Within the 42-day post-vaccination reporting period in the ZEST, non-injection-site zosteriform rashes were reported by 34 subjects (19 for Zostavax and 15 for placebo). Of 24 specimens that were adequate for polymerase chain reaction (PCR) testing, wild-type VZV was detected in 10 (3 for Zostavax, 7 for placebo) of these specimens. The Oka/Merck strain of VZV was not detected from any of these specimens.
Within the same 42-day post-vaccination reporting period in the ZEST, varicella-like rashes were reported by 124 subjects (69 for Zostavax and 55 for placebo). Of 23 specimens that were available and adequate for PCR testing, VZV was detected in one of these specimens from the group of subjects who received Zostavax; however, the virus strain (wild type or Oka/Merck strain) could not be determined.
Shingles Prevention Study (SPS) in Subjects ≥60 Years: In the largest of these trials, shingles prevention study (SPS), 38,546 subjects received a single dose of either Zostavax (n=19,270) or placebo (n=19,276) and were monitored for safety throughout the study. During the study, a vaccine-related serious adverse experience was reported for 2 subject vaccinated with Zostavax (asthma exacerbation and polymyalgia rheumatica) and 3 subjects who received placebo (Goodpasture's syndrome, anaphylactic reaction and polymyalgia rheumatica).
In the adverse event monitoring substudy, a subgroup of individuals from the SPS (n=3345 received Zostavax and n=3271 received placebo) were provided vaccination report cards to record adverse events occurring from days 0-42 post-vaccination in addition to undergoing routine safety monitoring throughout the study.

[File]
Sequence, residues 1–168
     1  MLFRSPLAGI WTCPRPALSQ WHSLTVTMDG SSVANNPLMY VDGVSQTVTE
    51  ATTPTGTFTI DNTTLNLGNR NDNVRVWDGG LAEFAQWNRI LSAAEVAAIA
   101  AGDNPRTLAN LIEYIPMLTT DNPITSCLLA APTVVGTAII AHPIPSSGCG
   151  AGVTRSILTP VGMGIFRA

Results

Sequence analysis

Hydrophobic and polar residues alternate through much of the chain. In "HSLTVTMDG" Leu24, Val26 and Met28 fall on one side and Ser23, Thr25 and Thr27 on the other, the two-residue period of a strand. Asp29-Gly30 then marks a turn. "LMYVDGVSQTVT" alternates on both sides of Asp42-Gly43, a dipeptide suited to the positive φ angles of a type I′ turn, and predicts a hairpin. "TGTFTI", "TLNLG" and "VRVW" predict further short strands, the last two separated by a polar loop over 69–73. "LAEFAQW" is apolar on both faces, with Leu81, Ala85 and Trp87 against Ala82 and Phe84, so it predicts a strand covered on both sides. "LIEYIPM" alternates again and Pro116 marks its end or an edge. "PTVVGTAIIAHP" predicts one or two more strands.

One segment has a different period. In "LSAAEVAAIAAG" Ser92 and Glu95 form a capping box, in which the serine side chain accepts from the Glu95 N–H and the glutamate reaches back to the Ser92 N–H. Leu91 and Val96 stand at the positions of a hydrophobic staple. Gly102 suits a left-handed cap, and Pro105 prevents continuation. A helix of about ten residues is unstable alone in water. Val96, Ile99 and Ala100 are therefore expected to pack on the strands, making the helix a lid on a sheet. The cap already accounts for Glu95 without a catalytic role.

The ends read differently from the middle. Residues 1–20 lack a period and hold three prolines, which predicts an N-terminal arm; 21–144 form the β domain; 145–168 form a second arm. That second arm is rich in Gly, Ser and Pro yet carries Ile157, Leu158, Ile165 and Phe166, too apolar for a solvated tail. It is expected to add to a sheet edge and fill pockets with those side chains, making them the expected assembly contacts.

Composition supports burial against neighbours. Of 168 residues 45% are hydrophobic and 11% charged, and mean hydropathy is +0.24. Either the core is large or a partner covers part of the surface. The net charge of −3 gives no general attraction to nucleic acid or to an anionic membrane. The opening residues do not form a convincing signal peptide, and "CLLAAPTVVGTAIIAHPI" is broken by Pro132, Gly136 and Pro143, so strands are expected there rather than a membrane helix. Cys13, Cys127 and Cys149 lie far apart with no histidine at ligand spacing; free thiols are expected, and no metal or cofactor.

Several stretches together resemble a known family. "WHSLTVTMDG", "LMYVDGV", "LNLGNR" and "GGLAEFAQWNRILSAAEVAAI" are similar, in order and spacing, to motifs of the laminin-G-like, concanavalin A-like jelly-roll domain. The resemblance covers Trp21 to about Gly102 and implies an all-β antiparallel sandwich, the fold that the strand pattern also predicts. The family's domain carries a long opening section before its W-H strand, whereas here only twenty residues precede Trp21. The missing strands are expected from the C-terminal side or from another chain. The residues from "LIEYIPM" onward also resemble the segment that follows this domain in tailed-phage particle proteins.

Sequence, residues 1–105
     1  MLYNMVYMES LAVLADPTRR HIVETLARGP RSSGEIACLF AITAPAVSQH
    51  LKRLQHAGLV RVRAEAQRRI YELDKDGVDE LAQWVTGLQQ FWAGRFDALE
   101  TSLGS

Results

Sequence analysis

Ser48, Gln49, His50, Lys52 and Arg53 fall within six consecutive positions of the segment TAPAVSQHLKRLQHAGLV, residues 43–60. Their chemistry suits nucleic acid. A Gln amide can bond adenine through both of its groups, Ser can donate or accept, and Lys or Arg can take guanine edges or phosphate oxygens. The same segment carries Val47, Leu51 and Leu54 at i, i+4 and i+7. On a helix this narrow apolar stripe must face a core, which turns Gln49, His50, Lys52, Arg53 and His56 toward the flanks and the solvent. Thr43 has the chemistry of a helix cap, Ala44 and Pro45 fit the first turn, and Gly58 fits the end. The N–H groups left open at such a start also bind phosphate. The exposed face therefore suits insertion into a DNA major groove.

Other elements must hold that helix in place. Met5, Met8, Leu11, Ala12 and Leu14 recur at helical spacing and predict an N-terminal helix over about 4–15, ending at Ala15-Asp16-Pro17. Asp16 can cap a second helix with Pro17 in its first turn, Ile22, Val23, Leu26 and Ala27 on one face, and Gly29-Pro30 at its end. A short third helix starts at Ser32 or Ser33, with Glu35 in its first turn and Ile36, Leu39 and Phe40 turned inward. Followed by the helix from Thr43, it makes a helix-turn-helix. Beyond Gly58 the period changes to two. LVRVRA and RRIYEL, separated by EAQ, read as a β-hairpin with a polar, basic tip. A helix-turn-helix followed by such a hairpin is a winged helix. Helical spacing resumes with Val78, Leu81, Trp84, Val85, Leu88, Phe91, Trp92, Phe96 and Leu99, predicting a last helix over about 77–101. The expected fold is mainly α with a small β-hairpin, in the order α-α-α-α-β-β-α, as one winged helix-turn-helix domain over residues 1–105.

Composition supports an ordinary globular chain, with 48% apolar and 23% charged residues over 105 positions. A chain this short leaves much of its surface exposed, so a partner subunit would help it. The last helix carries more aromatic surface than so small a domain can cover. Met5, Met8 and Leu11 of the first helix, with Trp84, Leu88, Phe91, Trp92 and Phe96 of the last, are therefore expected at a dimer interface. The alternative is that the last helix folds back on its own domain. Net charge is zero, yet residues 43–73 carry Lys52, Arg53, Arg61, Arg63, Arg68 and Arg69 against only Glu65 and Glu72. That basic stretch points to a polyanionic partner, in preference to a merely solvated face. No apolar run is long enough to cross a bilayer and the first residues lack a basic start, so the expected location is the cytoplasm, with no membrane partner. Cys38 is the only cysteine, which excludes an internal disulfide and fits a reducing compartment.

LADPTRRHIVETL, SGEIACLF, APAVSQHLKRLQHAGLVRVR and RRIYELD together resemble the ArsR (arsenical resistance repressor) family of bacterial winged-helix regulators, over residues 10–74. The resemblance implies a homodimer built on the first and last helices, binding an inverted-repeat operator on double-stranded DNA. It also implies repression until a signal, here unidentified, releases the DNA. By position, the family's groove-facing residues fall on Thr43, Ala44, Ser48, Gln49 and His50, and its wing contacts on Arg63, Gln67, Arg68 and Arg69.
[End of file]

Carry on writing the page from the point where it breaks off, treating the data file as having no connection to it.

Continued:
The following very common (≥1/10) and common (≥1/100, <1/10) vaccine-related injection-site and systemic adverse experiences were reported in the adverse event monitoring substudy. Most of these adverse experiences were reported as mild in intensity. Severe adverse experiences were solicited (days 0-4 post-vaccination) and are designated with the asterisk (*) symbol.
Nervous System Disorders: Common: Headache.
General Disorders and Administration Site Conditions: Very Common: Erythema*, pain/tenderness*, swelling*. Common: Hematoma, pruritus, warmth.
The overall incidence of vaccine-related injection-site adverse experiences was significantly greater for subjects vaccinated with Zostavax versus subjects who received placebo (48% for Zostavax and 17% for placebo).
The remainder of subjects in the SPS received routine safety monitoring, but were not provided report cards. The types of events reported in these patients were generally similar to the subgroup of patients in the adverse event monitoring substudy.
Within the 42-day post-vaccination reporting period in the SPS, the number of reported zosteriform rashes among all subjects was small (17 for Zostavax, 36 for placebo; p=0.009). Of these 53 zosteriform rashes, 41 had specimens that were available and adequate for PCR testing. Wild-type VZV was detected in 25 (5 for Zostavax, 20 for placebo) of these specimens. The Oka/Merck strain of VZV was not detected from any of these specimens.
Within the same 42-day post-vaccination reporting period in the SPS, the number (n=59) of reported varicella-like rashes was also small. Of these varicella-like rashes, 10 had specimens that were available and adequate for PCR testing. VZV was not detected in any of these specimens.
Other Studies: In other clinical trials in support of the initial licensure of the frozen formulation of Zostavax, the reported rates of non-injection-site zosteriform and varicella-like rashes within 42 days post-vaccination were also low in both zoster vaccine recipients and placebo recipients. Of 17 reported varicella-like rashes and non-injection site zoster-like rashes, 10 specimens were available and adequate for PCR testing, and 2 subjects had varicella (onset days 8 and 17) confirmed to be Oka/Merck strain.
In clinical trials evaluating Zostavax in subjects ≥50 years, including a study of concomitantly administered inactivated influenza vaccine, the safety profile was generally similar to that seen in the adverse event monitoring substudy of the SPS. However, in these trials, a higher rate of injection site adverse experiences of mild-to-moderate intensity was reported among subjects 50-59 years compared with subjects ≥60 years.